02/27/2003 12:00AM

Rampart: Good people and fast fillies

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HALLANDALE BEACH, Fla. - Racing's greatest strength has always been the quality of people attracted to it. One of the most remarkable was John D. Hertz, founder of the rent-a-car company. His will directed that a sum of $50 million go to government-sponsored scholarships. He asked that the money be used for the training of engineers, who would receive scholarships in exchange for one year of service to their country.

Hertz and his wife, Fanny, who raced Triple Crown winner Count Fleet and many other outstanding horses, celebrated their 50th wedding anniversary with a big party for family and friends. One of the gifts to guests was a biography Hertz had printed. Written by Daily Racing Form columnist Evan Shipman, it traced the Hertzes' marriage and concluded with a touching little poem written by Hertz:

"She's my Fanny and I'm her John, I love her dearly though time goes on.

Golden weddings to me don't often occur But boy oh boy what I would give to live it all over again with her."

What brought this to mind is Saturday evening's 50th wedding anniversary celebration honoring retired Louisville, Ky. banker Bert Klein and his wife, Elaine. Some 150 family members and friends will gather to toast them, but most plan to be with the Kleins earlier in the afternoon when their Allamerican Bertie, an odds-on favorite, challenges for the $200,000 Rampart Handicap for fillies and mares at nine furlongs.

The Kleins and their son, Richard, have raced some fine horses over the years but Allamerican Bertie, a homebred 4-year-old daughter of Quiet American who has earned almost $680,000, may prove to be the best.

She looks to be a standout in the Rampart's six-horse field. When she ran in last month's Sabin Handicap, she led all the way under Jerry Bailey to win by more than five lengths. She looks to be the speed once again in the Rampart, enabling her to set her own pace, a huge advantage.

Allamerican Bertie will be conceding weight to all, in some cases as much as nine pounds. She will not have the services of Bailey, who will be in California to ride Congaree in the Santa Anita Handicap. However John Velazquez has been in spark- ling form this winter and should prove an able deputy.

There is some concern that 'Bertie' is being asked to run back after an interval of three weeks. Trainer Steve Flint undoubtedly would prefer a four-week period but knows the filly and is confident she is equal to the task. There are divisional aspirations for 'Bertie' this season and champions are always tested a little more.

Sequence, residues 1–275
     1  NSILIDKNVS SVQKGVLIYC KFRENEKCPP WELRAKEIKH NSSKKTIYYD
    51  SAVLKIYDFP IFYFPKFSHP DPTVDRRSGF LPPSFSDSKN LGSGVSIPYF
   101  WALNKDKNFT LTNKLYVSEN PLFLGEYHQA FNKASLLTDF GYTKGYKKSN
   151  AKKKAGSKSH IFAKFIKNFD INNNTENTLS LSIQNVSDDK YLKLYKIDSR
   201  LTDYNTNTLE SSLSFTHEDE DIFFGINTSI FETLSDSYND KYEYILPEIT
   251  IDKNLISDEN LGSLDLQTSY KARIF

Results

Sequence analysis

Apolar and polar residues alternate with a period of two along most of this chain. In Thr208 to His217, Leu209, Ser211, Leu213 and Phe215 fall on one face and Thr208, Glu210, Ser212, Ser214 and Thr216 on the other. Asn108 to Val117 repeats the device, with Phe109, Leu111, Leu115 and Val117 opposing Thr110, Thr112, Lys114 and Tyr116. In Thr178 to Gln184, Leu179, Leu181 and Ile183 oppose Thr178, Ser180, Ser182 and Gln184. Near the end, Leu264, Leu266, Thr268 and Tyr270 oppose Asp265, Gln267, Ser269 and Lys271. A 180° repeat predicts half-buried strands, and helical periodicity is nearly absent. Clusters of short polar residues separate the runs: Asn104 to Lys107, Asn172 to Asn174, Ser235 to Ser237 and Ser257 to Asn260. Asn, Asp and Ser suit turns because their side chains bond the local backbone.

One of the principal threats to the favorite is Redoubled Miss, a 4-year-old filly by Adhocracy who ran well to finish third in the Sabin. She has improved steadily with maturity and finishes her races with an authority that could pay rich dividends at any time. Redoubled Miss is owned and is bred by Vernon and Brad Heath, who race and breed as Centaur Farm.

Racing is a game of highs and lows and Vernon Heath has some highs coming to him. He was at Belmont Park in the fall of 2001 when Exogenous, the best horse he ever raced, was snatched from him by a cruel twist of fate. The lovely filly, a Grade 1 stakes winner and a leading prospect for the divisional title, was in the post parade for the Breeders' Cup Distaff when she spooked coming out of the tunnel leading onto the track and became entangled in a fence. She struggled and injured herself so severely that it became necessary to put her down.

Another man might have become soured by the experience. Instead, Heath increased his activity in racing and now has more than 20 horses in training - some in Miami with Ron Spatz, the trainer of Redoubled Miss, and with Kathleen O'Connell, some in New York with Randy Schulhofer, and some at the Fair Grounds in New Orleans with Merrill Scherer. Centaur Farm's 20 broodmares are headquartered in Ocala, Fla., and Lexington, Ky.

Vernon Heath, 74, was co-founder and directed the activities of the Rosemont Corporation for 23 years until it was sold to Emerson Electric. He now devotes more time to his extensive racing and breeding operations and other investments. He is assisted by son Brad, a microbiologist in California until he recently returned to Minnesota. The Heaths are serious about raising and racing good horses and they may have another one in their filly who will challenge Allamerican Bertie in the Rampart.